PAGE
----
Engineering News-Record recently featured Forest Products Laboratory’s (FPL) materials research engineer, Laura Hasburgh and her expert consultation on the Ascent construction project in Milwaukee. At 25 stories, the Ascent building is making history as the soon-to-be tallest timber building in the world. And because of its unprecedented height and exposed mass timber interior, Hasburgh was contacted to lend her fire testing expertise.
The top eighteen floors of the Ascent will be framed in mass timber and the interior architectural design features exposed glued-laminated timber (glulam) framing and cross-laminated timber (CLT) slabs to showcase the natural beauty of the wood. But with these design and material choices, the Ascent’s fire safety planning needed to be carefully considered.
Forest Products Laboratory’s (FPL)Brian Brashaw was featured in an National Public Radio (NPR) segment about the soon-to-be world’s tallest timber building currently under construction in Milwaukee, Wisconsin. The Ascent building will boast 25 stories, 18 of which will be framed in mass timber. The upscale apartment complex is slated for completion in 2022. Right now, the cement foundation is being laid. Brashaw anticipates the Cross Laminated Timber (CLT) “to start flying,” or rather, construction crane hoisted pre-fabricated mass timber sections to begin installation in early summer 2021.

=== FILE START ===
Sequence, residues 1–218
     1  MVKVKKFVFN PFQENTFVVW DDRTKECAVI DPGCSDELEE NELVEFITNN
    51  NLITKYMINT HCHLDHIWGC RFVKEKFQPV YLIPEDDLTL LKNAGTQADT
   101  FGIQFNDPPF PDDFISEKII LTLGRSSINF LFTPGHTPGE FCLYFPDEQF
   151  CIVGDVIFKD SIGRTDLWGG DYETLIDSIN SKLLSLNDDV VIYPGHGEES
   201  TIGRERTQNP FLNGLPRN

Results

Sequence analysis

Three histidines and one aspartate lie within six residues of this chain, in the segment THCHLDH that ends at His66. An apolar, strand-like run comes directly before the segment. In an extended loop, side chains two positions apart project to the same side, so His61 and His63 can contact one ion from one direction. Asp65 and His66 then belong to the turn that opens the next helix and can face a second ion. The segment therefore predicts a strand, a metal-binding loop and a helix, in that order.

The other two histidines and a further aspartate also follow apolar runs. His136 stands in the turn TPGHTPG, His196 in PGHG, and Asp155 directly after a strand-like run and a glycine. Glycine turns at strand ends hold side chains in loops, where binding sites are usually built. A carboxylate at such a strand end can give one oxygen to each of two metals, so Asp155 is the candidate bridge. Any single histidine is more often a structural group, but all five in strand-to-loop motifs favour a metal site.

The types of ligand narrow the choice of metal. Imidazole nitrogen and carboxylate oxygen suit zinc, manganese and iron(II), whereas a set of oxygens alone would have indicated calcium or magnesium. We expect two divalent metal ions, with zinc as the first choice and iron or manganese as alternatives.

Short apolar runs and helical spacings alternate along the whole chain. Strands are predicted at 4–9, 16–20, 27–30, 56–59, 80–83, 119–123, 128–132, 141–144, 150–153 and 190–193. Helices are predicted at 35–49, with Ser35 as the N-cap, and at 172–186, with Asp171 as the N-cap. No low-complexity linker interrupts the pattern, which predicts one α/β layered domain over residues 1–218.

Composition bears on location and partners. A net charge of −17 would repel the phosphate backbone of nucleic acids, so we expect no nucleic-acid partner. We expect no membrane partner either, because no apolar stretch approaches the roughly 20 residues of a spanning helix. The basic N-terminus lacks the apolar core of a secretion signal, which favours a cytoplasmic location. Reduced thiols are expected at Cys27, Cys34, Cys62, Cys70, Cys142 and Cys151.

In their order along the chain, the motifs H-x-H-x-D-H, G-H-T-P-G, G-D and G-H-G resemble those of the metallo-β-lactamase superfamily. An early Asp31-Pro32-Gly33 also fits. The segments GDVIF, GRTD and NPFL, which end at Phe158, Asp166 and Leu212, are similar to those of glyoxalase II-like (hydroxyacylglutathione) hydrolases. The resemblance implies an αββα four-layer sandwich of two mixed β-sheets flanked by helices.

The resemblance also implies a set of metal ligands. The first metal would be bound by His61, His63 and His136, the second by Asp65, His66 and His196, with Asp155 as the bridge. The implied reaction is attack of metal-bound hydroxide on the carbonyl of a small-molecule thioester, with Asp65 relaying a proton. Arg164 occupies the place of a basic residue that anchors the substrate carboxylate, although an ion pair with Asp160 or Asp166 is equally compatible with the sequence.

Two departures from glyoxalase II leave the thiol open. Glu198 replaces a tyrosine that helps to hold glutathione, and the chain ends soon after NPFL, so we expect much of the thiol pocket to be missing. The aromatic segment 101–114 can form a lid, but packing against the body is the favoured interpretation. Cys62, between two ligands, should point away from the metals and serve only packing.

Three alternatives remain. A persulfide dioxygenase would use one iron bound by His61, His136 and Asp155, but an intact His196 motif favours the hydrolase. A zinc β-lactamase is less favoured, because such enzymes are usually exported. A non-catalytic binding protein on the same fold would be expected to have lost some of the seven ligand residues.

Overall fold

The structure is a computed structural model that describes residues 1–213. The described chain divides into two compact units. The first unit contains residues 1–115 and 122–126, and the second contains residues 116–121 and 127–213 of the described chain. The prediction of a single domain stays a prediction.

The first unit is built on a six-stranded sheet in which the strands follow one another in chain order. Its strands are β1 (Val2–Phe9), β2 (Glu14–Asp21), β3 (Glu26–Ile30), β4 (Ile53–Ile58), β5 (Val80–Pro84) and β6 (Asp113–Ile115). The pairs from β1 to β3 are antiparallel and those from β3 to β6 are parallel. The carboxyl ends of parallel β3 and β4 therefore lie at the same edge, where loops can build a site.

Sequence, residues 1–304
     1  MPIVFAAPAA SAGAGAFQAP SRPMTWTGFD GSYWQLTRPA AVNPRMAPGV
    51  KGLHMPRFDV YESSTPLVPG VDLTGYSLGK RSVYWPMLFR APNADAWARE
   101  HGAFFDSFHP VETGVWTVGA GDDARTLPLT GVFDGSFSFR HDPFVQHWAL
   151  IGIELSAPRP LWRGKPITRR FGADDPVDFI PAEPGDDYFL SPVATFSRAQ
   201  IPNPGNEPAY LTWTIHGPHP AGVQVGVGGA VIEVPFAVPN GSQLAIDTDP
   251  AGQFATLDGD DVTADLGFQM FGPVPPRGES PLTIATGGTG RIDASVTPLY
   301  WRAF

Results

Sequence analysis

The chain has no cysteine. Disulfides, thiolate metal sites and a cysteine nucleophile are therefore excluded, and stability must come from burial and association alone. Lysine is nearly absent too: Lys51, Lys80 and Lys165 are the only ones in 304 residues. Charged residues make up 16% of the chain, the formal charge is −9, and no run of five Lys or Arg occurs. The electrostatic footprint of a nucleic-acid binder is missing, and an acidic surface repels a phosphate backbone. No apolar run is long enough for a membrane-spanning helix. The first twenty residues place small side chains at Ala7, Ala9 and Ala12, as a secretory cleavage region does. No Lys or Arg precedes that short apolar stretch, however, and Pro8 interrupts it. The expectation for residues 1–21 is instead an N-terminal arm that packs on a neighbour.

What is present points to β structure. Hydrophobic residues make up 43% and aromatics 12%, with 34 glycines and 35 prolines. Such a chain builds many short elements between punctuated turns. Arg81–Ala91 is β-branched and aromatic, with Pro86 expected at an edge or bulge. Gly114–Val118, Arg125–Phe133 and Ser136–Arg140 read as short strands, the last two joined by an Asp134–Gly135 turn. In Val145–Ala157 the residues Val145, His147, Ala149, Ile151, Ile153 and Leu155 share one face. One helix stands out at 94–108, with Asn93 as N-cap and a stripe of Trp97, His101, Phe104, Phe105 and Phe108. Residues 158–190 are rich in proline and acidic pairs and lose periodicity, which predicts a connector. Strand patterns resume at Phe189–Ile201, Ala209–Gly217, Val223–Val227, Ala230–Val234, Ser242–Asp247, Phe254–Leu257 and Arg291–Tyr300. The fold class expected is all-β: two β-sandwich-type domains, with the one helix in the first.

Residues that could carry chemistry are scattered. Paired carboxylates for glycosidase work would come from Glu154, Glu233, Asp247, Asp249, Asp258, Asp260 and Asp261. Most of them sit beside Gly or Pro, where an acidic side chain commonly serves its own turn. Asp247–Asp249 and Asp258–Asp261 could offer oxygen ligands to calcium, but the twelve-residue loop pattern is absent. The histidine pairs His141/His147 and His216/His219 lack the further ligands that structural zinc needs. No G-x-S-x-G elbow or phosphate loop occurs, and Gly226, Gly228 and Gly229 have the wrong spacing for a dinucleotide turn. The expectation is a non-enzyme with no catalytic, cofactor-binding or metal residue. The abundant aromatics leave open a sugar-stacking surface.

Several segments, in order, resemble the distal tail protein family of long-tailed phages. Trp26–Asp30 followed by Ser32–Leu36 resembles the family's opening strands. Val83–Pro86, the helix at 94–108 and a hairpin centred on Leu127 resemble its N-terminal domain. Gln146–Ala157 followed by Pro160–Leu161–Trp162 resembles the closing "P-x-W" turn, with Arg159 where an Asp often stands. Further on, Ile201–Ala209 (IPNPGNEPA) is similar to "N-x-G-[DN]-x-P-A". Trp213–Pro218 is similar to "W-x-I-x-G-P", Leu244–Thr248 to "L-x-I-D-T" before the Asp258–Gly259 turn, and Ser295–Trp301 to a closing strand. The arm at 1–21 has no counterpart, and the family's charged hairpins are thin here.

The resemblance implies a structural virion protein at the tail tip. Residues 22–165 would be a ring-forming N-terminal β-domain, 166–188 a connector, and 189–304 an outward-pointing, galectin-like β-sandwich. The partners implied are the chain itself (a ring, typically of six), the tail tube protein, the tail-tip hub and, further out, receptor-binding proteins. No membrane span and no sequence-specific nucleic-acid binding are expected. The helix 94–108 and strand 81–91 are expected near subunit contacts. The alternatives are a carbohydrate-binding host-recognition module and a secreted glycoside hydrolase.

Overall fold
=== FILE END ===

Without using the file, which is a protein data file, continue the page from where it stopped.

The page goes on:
FPL is excited about its participation in helping the Ascent rise among the tallest modern wood structures in the world.
If you live in Wisconsin, chances are that you at least know of Eagle Tower. More likely, you—along with thousands of visitors from around the world—have had indelible experiences of taking in spectacular views of Lake Michigan, the surrounding islands, and Michigan’s Upper Peninsula. Eagle tower offered a captivating and much beloved panorama of Peninsula State Park.
Our nation’s bridges have been under an every-two-year mandated inspection for nearly 50 years. The current method of inspecting bridges is accomplished largely by visual assessment often using costly snooper trucks. Wacker describes this approach as “a passive approach that has provided subjective and unreliable data.”
Imagine being able to look straight into a wood beam and know its structural integrity.
It’s almost like a super power, except its really just amazing science—science that Forest Products Laboratory (FPL) researchers are practicing in order to be at the forefront of investigative timber safety and restoration.